Ultimately, this transformation embodies a continuation of a long running debate over who gets to have intellectual authority. This was true in Leopold von Ranke’s time just as it in ours. The question is: What kind of context will this dialog will play out? Because these changes are happening before our eyes, future historians have a their work cut out for them. Good luck to them.
Tom Boellstorff, Coming of Age in Second Life: An Anthropologist Explores the Virtually Human (New Jersey: Princeton University Press, 2010).
It was only a matter of time before the digital humanities discovered virtual worlds. In an overt reference to Margaret Mead’s famous 1928 book, Coming of Age in Samoa, Tom Boellstorff endeavors to apply the principles of anthropology and ethnography to the growing virtual landscape called Second Life (SL). I am personally excited about this work; I have spent a good deal of time over the last few years in SL. In this virtual world I have attended political events, I’ve curated music and visual art and been to many entertaining events, and had interactions with many academics who were there specifically to study this virtual world.
For those who are not aware, SL is not a game; it is a virtual setting where the users can create whatever content they want. I am tempted to provide my own impressions, but I will allow Boellstorff to describe it:
A man spends his days as a tiny chipmunk, elf, or voluptuous woman. Another lives as a child and two other persons agree to be his virtual parents. Two “real” -life sisters living hundreds of miles apart meet every day to play games together or shop for new shoes for their avatars. The person making the shoes has quit his “real” -life job because he is making over five thousand US dollars a month from the sale of virtual clothing. A group of Christians pray together at a church; nearby another group of persons engages in a virtual orgy, complete with ejaculating genitalia. not far away a newsstand provides copies of a virtual newspaper with ten reporters on staff; it includes advertisements for a “real” -world car company, a virtual university offering classes, a fishing tournament, and a spaceflight museum with replicas of rockets and satellites.
All that said, there are lots of locations within SL that are dedicated to serious academic inquiry. This is what Boellstorff is concerned with. He starts by demarcating SL as a virtual world, rather than a game; that it is a community, not just escapism; and that his intention is not to promote or vilify the platform that he is studying. Beyond that, Boellstorff admits a problem that is a common thread in the digital humanities: that it is constantly in flux. Thus, Boellstorff chose to examine SL during its “coming of age,” starting a year after SL was founded in 2004 through 2009. Ultimately, Boellstorff argues that SL is a social community where cultural creation is just as valid as the “real world.”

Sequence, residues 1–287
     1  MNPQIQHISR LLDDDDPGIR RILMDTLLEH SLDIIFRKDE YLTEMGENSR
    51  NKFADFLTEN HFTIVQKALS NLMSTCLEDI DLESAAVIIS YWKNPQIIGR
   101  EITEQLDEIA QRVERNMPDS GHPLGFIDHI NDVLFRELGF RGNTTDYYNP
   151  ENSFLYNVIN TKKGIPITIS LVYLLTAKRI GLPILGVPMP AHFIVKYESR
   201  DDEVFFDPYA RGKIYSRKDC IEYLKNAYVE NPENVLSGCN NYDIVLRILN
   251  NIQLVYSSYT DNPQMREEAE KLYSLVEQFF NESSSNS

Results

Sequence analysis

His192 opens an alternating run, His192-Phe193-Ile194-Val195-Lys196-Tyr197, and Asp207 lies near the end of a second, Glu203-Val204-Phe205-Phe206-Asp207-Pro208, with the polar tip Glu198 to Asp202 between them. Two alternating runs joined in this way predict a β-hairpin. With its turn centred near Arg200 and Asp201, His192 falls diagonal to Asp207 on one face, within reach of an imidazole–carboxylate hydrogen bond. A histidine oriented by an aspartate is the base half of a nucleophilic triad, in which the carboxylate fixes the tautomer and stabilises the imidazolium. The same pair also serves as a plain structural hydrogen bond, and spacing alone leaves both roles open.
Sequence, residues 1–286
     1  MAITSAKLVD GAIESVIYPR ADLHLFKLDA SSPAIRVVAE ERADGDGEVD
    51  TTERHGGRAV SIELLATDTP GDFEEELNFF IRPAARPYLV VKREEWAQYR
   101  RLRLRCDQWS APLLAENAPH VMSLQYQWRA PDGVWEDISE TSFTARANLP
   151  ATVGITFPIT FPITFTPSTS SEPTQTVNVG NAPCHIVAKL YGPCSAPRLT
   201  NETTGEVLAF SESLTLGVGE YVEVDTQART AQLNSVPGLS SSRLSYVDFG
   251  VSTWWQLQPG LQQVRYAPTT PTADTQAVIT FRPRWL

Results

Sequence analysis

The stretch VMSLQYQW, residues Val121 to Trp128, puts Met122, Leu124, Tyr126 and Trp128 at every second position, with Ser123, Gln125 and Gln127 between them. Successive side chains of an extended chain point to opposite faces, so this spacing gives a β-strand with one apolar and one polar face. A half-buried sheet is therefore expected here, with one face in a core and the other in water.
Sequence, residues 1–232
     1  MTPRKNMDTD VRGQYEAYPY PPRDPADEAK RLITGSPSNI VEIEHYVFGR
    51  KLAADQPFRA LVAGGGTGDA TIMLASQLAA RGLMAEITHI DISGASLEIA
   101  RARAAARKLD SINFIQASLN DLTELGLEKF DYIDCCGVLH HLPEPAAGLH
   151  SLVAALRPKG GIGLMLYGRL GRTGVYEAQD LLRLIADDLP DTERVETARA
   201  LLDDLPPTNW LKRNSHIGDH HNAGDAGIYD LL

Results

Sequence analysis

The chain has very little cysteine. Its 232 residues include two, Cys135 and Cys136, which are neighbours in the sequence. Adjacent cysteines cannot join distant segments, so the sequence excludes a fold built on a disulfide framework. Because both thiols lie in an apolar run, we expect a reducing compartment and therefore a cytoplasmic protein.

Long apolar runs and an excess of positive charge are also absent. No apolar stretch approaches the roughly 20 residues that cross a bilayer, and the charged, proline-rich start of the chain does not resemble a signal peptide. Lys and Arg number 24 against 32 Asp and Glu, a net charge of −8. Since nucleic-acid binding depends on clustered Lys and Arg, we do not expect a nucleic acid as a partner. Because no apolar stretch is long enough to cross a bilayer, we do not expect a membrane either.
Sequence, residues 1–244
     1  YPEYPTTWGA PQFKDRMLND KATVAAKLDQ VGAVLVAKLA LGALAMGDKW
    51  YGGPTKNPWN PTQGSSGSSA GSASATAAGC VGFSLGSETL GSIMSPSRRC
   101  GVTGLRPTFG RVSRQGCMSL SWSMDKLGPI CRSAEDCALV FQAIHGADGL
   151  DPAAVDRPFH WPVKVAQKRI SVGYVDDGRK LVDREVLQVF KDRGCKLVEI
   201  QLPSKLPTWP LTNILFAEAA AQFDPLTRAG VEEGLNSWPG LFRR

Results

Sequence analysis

Structurally, Boellstorff divides the text into three parts; the first part concerns a description of the setting of SL, providing theoretical underpinnings via the work of people like Clifford Geertz and Benedict Anderson, and then details his methodology, which revolves around interacting with residents at face value, purely within the context of the virtual world. The second part involves a breakdown of the culture of SL, including discussions on the users’ sense of space, personhood, intimacy, and community. In the third part, Boellstorff gets into the meat of his argument, contending that humanity has had a concept of “the virtual” well before the digital age, and that technology is simply another medium for people to express and create culture.
Boellstorff does a decent job of balancing jargon and theory with straight forward descriptions of interactions and experiences within Second Life. On the other hand, his conclusions seem self-evident to me as a longtime “resident” of this virtual world. Of course SL is an extension of the real world, where people bring all their noble and baser inclinations and desires. It is a changing world of contradictions, which makes it not all that much different from the real. Where Boellstorff shines is being able to demonstrate that individuals are able to change their perspective in ways they could not do in the flesh; thus, people can change their race, gender, or appearance and learn from the way people interact with them. In my own experience, this was particularly important to transgender friends I had in SL. With this in mind, however, many people brought their cultural biases, which led to many of my friends having similar hurtful experiences they have had in the real world. Boellstorff demonstrates that human culture has not changed fundamentally with the advent of virtual worlds; instead, it has added more dimensions and platforms to express it.